A day after President Bush played down talk of invading Iraq, members of Congress weighed in on the prospect of overthrowing Iraqi leader Saddam Hussein.
As the White House tries to make up its mind whether the United States should invade Iraq, a country the president said Saturday is actively in pursuit of biological, chemical and nuclear weapons, some U.S. lawmakers are casting a wary eye.
Democratic Senator Carl Levin is chairman of the Armed Services Committee. In an appearance Sunday on the NBC television program Meet the Press," he said the United States should look at all options with regard to Iraq and should not provoke Saddam.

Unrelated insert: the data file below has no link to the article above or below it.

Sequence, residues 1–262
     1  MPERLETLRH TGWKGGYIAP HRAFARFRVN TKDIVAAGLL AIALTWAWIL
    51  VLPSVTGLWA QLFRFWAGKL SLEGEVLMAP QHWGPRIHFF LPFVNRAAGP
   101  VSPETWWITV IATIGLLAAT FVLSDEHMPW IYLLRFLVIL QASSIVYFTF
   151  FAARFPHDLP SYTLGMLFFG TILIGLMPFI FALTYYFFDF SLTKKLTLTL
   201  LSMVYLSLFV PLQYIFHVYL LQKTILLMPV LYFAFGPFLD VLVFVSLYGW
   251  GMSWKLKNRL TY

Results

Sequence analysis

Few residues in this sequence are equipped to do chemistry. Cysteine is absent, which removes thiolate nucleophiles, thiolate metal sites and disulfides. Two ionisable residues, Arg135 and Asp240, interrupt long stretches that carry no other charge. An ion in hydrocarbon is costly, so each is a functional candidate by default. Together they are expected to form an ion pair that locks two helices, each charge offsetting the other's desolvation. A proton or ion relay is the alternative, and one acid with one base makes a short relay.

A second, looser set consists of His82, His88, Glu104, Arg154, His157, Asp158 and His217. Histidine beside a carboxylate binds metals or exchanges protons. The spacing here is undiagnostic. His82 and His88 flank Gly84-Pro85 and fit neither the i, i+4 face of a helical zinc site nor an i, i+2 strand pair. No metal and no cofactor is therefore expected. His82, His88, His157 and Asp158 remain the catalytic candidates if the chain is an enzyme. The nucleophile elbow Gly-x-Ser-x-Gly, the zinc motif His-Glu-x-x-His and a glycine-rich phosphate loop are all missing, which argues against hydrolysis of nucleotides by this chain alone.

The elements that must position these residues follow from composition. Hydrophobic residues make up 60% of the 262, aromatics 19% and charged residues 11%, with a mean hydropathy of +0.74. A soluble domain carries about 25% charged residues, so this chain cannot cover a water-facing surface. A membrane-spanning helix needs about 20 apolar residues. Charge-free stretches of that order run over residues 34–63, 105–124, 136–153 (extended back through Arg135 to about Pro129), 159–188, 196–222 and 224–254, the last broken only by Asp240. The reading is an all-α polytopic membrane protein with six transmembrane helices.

"He would not, in my judgement, initiate an attack with a weapon of mass destruction because it would lead to his own destruction if he did that. He's a survivalist. He's not a suicide bomber," he said.
But Republican Senator Fred Thompson favors invading Iraq. Senator Thompson is not impressed with Iraq's recent overture allowing the return of United Nations weapons inspectors to his country, saying it could further the Iraqi strongman's goals.
"There's no way in the world that we could effectively discover and do anything with what he's got there," he said. "And it would buy him another couple or three years to do what he really wants to do."
Meanwhile, Saudi officials said Sunday that they will not allow Saudi Arabia to be used as a staging ground for any invasion against Iraq. They say they want the United States to pursue non-military options in a dispute with Iraq.